A history of the Stinking Bishop

The bizarrely-named cheese appears in the new Wallace and Gromit film. But its manufacturer is worried. By Terry Kirby reports

"We can't expand to deal with this. For a start, we can't employ any more people because we don't have anywhere to park their cars or put in a new toilet. We're just a farm, after all," says Charles Martell, creator of the gloriously named Stinking Bishop cheese.

However, until it all blows over, Mr Martell will have to ride out an expected to be a tidal wave of demand for his lovingly handmade cheese, after it appears in the new Wallace and Gromit film, The Curse of the Were-Rabbit, due out next month. When Wallace, the cheese-loving plasticine creation of Nick Park, expressed a fondness for "a nice bit of Wensleydale" in an earlier film, turnover at that cheesemaker soared.

Mr Martell is happy for his cheese to be featured - his wife Sasha, a fan of Aardman Animations, persuaded him to grant the trademark licence for free - but realistic about the company's need or desire to expand. Currently, the couple employ just two people who help them make 20 tonnes a year of Stinking Bishop.

"It's going to put a lot of pressure on us, but we are really happy as we are. We earn a living and I don't really want to increase production - and we really can't anyway. I want to stick by the people with whom we have been making and selling the cheese to all along." His belief that small is beautiful will strike a chord with food enthusiasts, who argue that the individualism of any such product could be endangered by attempts to move up a gear.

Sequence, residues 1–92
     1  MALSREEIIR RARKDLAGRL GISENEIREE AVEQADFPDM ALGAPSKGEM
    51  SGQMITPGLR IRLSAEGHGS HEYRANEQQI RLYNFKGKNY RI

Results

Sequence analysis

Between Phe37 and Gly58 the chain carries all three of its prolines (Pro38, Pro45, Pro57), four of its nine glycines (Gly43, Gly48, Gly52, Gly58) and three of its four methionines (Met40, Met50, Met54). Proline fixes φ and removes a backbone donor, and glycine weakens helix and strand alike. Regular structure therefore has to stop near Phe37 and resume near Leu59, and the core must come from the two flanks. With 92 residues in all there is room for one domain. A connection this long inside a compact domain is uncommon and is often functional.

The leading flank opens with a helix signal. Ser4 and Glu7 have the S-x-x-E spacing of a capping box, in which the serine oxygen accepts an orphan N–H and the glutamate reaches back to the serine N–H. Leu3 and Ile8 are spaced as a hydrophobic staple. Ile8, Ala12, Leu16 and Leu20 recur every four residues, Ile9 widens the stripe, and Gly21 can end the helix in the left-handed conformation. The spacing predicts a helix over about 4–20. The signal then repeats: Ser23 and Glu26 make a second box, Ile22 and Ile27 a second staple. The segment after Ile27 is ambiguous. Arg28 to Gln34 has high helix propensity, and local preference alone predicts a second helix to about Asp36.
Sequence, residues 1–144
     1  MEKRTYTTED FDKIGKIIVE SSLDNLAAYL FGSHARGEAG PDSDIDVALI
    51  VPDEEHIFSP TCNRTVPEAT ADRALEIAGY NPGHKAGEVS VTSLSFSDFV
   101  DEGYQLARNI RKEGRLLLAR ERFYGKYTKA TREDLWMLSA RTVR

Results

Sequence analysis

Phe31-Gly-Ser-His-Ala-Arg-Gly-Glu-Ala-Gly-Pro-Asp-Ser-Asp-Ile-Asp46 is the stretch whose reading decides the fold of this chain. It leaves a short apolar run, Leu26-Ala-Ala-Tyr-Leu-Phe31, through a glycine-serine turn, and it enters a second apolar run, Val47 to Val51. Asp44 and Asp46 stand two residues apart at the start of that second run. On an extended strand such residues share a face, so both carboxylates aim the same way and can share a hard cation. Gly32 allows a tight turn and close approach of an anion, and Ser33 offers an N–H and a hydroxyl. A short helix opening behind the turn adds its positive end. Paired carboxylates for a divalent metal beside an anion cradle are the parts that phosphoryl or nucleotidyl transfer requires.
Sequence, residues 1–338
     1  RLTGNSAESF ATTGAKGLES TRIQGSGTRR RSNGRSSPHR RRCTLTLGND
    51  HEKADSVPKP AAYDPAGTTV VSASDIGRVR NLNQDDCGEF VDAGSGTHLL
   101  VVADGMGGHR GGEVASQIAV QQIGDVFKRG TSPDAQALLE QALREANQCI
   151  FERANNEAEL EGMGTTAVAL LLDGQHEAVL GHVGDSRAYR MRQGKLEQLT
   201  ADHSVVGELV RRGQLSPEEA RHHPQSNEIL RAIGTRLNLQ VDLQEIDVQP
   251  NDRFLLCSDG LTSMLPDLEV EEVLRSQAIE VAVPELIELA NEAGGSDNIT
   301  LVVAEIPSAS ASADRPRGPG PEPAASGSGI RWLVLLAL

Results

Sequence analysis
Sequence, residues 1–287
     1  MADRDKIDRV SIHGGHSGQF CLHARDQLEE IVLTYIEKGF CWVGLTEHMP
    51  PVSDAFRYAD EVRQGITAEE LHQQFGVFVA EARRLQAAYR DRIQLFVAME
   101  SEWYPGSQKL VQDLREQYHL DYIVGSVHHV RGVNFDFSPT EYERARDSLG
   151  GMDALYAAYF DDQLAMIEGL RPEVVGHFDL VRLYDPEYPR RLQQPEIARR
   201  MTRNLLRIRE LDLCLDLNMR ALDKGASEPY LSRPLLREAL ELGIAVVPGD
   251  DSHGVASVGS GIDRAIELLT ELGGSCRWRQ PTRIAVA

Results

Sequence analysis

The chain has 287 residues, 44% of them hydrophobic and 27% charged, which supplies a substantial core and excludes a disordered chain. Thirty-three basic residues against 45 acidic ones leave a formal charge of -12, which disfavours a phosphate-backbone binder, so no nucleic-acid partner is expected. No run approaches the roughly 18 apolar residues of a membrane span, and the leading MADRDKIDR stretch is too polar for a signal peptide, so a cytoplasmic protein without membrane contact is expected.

Stinking Bishop is one of hundreds of new varieties of British cheeses, usually made in small, farmhouse-style operations, that have sprung up in recent years. Its story is typical. A self-confessed child of the Sixties, Mr Martell was one of the first to, as he puts it, "go back to the land", moving to Gloucestershire to work for the Wildfowl and Wetlands Trust at Slimbridge.

After a propitious meeting with a Gloucester cow, one of around only 60 then surviving, he began to conserve and breed the cattle and took up cheese-making with their milk as a sideline. Both thrived; there are now several hundred Gloucesters in the world while Mrs Martell still makes single and double Gloucester cheese from the couple's small herd.

Mr Martell also began planting varieties of pear trees to make perry, a traditional local drink, including the Stinking Bishop, created by the local Bishop family and named after an unpopular relative. The perry it produces, says Mr Martell, has a distinctive effect. "It cuts you off at the knees - after you've drunk a few you're absolutely normal apart from the fact that your legs no longer work."

In the early 1990s, perry and cheese-making at the farm came together. "There was just something in my head from when I worked on a farm in France when I was young. I didn't have a recipe, I just fiddled about for six years..." Commercial production began 10 years ago, based on the methods of the Cistercian monks who lived in the village. In Mr Martell's process, the perry is used to "wash" the curds - made from milk bought in from other local farms - before being ladled into moulds and then again as the cheese matures over a period of up to two months, creating an orange rind and a creamy interior.